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Natural Immunity to Malaria Offers Direction for Future Therapies
News

Natural Immunity to Malaria Offers Direction for Future Therapies

Natural Immunity to Malaria Offers Direction for Future Therapies
News

Natural Immunity to Malaria Offers Direction for Future Therapies

A malaria parasite (yellow) entering a red blood cell. WEHI researchers have identified a way to block this key stage of malaria infection. Credit: WEHI.
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WEHI researchers have identified how natural human antibodies can block malaria parasites from entering red blood cells, potentially indicating how new protective therapies could be developed against this globally significant disease.


The research provides greater insight into how antibodies block the entry of Plasmodium vivax malaria parasites into young red blood cells called reticulocytes. It builds on an earlier discovery that the P. vivax latches onto the transferrin receptor 1 (TfR1) to enter cells.


The research, led by Associate Professor Wai-Hong Tham and PhD student Li-Jin Chan from WEHI, alongside Professor Christopher King from Case Western University, US, was published in Nature Communications.


Shedding light on pathogen-blocking antibodies


Plasmodium vivax is the most widespread malaria parasite in the world, and the predominant cause of malaria in the vast majority of countries outside Africa. It is also the main parasite responsible for recurrent malaria infections.


The malaria parasite is a complex single-celled organism, with diverse proteins that help it to invade red blood cells, reproduce and spread. Adhesins on the surface of the parasite are key-like proteins that 'unlock' cells, allowing the parasite to enter.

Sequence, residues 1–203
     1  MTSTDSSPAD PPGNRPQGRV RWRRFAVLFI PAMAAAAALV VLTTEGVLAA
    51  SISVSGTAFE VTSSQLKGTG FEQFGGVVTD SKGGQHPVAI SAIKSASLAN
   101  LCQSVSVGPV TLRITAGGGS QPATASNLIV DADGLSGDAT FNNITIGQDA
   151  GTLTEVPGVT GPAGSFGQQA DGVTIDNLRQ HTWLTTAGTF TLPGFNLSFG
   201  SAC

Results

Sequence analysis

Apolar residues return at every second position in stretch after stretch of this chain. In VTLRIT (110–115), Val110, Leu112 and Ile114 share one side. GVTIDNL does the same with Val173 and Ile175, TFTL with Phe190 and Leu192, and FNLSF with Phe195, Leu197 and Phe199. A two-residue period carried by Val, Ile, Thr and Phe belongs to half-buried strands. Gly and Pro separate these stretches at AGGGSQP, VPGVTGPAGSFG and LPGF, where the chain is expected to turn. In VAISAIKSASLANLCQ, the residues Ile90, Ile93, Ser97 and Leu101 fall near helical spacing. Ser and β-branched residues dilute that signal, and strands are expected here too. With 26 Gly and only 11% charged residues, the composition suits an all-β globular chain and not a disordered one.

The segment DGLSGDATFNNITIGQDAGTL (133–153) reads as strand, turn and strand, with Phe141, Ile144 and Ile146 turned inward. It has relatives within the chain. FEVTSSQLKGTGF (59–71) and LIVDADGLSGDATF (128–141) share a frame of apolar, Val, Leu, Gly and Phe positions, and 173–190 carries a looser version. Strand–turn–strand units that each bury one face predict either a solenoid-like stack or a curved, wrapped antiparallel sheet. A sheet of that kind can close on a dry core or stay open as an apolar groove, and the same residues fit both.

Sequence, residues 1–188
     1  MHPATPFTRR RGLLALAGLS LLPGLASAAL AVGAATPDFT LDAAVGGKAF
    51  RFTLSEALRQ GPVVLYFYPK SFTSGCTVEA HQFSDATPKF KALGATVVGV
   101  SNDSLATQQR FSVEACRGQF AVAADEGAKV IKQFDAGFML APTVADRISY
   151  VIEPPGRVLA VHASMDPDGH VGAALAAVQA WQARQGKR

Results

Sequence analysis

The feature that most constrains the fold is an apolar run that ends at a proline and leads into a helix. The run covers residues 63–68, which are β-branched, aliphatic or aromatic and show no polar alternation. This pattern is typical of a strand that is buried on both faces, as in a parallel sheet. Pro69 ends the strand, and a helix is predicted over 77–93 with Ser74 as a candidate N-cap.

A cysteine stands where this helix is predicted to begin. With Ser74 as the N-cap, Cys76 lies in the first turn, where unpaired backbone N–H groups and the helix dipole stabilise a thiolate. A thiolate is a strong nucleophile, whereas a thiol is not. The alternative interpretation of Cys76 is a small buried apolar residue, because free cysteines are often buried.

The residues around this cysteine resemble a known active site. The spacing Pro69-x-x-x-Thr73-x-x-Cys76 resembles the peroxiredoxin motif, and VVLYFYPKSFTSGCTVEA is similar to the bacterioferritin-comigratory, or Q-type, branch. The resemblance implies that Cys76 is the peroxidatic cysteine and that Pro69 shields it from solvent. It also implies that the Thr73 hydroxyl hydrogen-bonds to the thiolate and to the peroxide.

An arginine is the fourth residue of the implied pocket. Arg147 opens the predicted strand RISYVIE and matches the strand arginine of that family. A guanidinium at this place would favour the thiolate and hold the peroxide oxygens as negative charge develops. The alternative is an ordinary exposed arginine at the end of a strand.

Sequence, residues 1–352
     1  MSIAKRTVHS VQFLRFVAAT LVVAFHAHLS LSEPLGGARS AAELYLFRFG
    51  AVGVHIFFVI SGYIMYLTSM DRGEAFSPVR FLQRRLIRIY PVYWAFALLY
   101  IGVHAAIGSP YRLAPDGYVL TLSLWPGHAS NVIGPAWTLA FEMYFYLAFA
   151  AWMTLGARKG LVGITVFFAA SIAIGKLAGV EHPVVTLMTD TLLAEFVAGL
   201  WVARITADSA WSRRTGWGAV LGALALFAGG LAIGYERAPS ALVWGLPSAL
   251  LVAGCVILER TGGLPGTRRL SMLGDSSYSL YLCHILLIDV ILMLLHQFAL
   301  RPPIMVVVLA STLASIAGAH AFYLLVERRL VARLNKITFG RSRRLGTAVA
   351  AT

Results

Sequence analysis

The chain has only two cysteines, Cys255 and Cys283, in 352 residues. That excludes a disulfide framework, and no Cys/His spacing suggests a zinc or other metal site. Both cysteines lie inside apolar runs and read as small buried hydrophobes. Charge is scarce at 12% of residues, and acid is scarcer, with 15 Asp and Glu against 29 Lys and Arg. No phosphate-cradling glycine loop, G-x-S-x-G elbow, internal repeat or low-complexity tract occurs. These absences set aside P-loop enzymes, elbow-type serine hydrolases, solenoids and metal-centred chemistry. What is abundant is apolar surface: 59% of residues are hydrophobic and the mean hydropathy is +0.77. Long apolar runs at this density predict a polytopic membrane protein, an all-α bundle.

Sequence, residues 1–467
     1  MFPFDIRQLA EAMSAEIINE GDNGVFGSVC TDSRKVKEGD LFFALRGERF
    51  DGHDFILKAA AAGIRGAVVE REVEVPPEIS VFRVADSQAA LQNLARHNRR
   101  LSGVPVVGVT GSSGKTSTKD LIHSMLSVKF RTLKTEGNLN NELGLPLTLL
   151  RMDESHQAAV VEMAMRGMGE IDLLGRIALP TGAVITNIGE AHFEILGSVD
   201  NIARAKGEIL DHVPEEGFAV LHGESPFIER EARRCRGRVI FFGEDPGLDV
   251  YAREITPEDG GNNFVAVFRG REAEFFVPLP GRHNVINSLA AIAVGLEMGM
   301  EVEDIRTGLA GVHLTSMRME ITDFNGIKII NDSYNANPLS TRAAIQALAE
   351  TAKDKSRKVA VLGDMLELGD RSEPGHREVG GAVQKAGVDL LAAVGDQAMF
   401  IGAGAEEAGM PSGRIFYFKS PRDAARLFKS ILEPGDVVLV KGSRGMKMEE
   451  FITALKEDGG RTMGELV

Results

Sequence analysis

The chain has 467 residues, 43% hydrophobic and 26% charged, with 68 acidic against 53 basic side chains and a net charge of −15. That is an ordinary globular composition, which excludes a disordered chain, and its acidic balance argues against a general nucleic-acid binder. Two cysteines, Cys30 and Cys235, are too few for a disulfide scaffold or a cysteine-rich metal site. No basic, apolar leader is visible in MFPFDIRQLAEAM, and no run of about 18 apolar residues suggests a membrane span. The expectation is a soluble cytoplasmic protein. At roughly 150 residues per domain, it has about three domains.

Previous research studies in Papua New Guinea, Thailand and Brazil showed antibodies against P. vivax adhesins were correlated with protection against infection and disease, Associate Professor Tham said.


"We wanted to understand how these human antibodies in natural infection block the parasite from getting in. By extracting and examining antibodies from people who have had P. vivax infections, we identified the different ways human antibodies against P. vivax work. One of these ways, is by stopping the parasite adhesins from getting too close to the reticulocyte membrane, denying the parasite entry," she said.


This discovery opens the door to potentially preventing not only P. vivax malaria, but also P. falciparum malaria, another significant cause of deaths globally.


"Although this was a vivax study, we believe the implications are that a broadly neutralising antibody could be created to target both P. vivax and P. falciparum malaria infections," Associate Professor Tham said.


Improving detection of relapsing malaria


WEHI Professor Ivo Mueller said beyond understanding how antibodies can block infection, there was also a crucial need to understand the development of immunity and how this could be used to detect P. vivax infections in endemic populations.


"We are currently using this information to develop diagnostic tests that will be used in the field to identify and treat people with hidden vivax infection in their livers and spleens. This is a key step towards eliminating malaria, by preventing silently infected people reinfecting their communities," he said.


This work was made possible with funding from the National Health and Medical Research Council, the European Research Council and the Victorian Government.

Reference
Chan L-J, Gandhirajan A, Carias LL, et al. Naturally acquired blocking human monoclonal antibodies to Plasmodium vivax reticulocyte binding protein 2b. Nature Comms. 2021;12(1):1538. doi:10.1038/s41467-021-21811-2



This article has been republished from the following materials. Note: material may have been edited for length and content. For further information, please contact the cited source.

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